Today, the state is continuing its valiant effort to restore the quality of water found in the Everglades to promote healthy growth of flora and fauna living in the area. What’s the difference between intruding on nature in the Everglades and stepping in for the wolves in Michigan?

What Should Be Done?

We have an obligation to restore the natural order of our parks if they’re suffering by our own hands. In Florida, people are cleaning up the messes they made. This isn’t the same situation as in Michigan. Up there, a decision will soon be made as to whether we should intrude on nature or not.

In Glacier National Park, climate change is forcing the migration of animals, but they are adapting naturally. We can’t play God, especially with a park system that features “earth and its community of life‚Ķuntrammeled by man, where man himself is a visitor who does not remain,” according to our own federal law.

If we’re breaking it, we need to fix it. If we’re affecting climate change, we need to clean up our act. If we’re contaminating the water, we need to purify it.

But if we think we have the right to separate moose and wolves like a referee at a boxing match, then we need to reexamine our historically-defined relationship with the wilderness of national parks.

Sources:

Photo Credits (in order of appearance):

  • NPS
  • USGS
  • Joohee Yoon/The New York Times Company
  • NPS
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Comments

  1. Mary Young says:

    Great article! Heartbreaking to hear about the decreasing glacier masses…very sad. The power of humans to destroy our earth and living things is great. I enjoy reading articles like this one, that makes us more aware of our effects on the earth. Thanks Perry!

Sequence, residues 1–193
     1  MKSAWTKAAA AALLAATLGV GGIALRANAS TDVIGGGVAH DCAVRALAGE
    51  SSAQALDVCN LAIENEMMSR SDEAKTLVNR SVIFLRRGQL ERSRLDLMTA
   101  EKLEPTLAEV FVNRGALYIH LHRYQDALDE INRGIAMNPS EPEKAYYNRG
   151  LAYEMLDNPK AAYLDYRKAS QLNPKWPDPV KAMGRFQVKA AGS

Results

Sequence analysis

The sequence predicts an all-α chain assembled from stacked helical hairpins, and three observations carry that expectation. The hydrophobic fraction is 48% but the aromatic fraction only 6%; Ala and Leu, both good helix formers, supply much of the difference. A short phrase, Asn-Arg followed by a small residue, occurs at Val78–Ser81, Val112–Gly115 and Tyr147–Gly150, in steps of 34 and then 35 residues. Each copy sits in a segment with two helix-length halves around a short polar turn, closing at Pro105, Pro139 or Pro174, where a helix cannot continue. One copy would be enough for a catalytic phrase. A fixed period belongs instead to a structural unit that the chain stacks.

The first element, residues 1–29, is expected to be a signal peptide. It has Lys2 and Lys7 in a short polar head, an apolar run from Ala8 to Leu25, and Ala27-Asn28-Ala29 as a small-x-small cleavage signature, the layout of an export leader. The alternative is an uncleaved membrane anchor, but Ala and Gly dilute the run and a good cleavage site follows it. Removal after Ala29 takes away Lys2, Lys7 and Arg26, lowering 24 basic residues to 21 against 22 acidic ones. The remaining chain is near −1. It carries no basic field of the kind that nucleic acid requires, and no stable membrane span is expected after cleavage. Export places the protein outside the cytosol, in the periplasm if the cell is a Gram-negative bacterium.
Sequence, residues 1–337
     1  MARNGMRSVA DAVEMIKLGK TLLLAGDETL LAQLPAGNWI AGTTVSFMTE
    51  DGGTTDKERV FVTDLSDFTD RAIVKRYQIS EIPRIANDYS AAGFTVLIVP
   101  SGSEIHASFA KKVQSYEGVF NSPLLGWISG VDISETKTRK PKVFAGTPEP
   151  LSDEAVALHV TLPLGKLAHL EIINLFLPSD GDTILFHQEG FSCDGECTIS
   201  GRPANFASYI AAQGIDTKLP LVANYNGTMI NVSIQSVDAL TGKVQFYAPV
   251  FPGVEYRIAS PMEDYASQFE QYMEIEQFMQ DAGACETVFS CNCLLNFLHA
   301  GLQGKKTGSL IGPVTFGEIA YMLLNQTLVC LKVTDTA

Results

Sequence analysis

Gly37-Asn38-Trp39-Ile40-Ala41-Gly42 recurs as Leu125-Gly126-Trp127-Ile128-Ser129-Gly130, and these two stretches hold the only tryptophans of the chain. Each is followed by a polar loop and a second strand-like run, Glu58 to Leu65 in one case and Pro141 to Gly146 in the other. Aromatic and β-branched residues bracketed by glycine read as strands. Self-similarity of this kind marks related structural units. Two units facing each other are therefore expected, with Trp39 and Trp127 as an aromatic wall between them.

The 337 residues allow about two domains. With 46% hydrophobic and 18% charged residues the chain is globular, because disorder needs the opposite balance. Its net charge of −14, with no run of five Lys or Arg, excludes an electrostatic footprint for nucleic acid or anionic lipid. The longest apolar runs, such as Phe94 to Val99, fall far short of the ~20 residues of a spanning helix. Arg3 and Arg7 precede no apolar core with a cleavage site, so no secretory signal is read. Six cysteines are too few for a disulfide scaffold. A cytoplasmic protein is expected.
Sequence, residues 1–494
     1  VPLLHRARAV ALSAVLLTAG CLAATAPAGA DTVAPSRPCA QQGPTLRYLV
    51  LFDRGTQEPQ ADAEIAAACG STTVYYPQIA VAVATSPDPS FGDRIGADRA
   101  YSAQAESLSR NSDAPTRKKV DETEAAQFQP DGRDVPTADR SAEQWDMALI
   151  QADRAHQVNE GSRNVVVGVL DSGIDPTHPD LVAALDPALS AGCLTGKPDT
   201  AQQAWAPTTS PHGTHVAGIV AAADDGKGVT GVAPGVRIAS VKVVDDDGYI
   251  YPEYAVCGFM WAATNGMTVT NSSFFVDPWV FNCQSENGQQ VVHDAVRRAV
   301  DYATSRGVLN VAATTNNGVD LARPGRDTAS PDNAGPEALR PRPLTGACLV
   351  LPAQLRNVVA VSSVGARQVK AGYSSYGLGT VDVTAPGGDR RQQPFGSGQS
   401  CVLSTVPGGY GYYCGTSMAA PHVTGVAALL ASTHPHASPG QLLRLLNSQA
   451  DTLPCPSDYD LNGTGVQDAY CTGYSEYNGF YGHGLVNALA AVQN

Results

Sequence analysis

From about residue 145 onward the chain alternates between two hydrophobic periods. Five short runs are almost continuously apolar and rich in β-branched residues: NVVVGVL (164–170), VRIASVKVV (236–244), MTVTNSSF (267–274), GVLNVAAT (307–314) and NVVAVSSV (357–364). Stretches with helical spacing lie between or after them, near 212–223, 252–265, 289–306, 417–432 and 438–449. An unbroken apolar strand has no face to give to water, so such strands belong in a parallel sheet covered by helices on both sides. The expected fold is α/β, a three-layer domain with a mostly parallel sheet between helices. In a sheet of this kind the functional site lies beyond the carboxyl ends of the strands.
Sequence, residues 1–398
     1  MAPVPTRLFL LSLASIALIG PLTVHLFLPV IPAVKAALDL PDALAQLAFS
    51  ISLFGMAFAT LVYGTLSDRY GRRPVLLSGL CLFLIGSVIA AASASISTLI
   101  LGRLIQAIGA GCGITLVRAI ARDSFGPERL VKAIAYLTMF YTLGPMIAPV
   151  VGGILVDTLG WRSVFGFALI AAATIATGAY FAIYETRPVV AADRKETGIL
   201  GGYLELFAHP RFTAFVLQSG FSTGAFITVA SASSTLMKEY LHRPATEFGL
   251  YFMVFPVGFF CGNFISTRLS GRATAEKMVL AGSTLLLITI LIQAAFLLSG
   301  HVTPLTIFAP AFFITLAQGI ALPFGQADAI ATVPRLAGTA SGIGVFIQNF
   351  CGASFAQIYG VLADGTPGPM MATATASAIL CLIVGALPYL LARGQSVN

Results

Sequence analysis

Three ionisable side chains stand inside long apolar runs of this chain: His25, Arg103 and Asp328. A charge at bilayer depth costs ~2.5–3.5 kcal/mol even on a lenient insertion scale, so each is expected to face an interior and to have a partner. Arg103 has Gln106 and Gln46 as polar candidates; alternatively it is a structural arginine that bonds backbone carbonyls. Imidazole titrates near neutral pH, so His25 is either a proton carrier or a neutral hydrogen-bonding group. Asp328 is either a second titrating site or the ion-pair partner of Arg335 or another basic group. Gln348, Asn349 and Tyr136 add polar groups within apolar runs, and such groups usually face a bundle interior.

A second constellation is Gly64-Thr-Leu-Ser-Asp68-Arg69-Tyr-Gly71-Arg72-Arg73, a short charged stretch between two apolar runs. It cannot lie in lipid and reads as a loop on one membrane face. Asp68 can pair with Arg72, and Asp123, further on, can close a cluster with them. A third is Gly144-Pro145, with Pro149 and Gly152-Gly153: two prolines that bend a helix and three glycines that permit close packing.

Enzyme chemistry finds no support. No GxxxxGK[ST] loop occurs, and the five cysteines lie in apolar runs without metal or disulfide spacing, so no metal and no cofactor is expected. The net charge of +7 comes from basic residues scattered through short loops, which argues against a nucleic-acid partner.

2. I don’t think there is a perfect answer. I usually feel like the natural order of things should be left alone but when human interference causes big changes, it’s hard to not step in. How sad will it be to have no glaciers in Glacier National Park? We have to do what we can to slow down the processes that lead to their decline. The disappearing wolves in Isle Royale breaks my heart. Their population suffered a huge blow when a visitor arrived on a private boat with a dog infected with canine parvovirus. Combined with inbreeding, their population will not be able to be sustained. I can’t imagine Isle Royale without wolves and feel like they should be reintroduced. Without a predator, the moose population would suffer as well as there simply is not enough space and food for a population with unchecked growth. Hopefully the experts in the wolf project on Isle Royale will guide reintroduction if and when it takes place.

    • Perry Rosenbloom says:

      Hi Tricia,

      It would be so sad to not have glaciers in Glacier. But remember: Glacier isn’t named Glacier National Park because of the existing glaciers, but rather because glaciers formed the park.

      I never heard about the dog infected with Parvo! That is AWFUL. I do hope that they stabilize the Isle Royale wolf population, somehow, someway…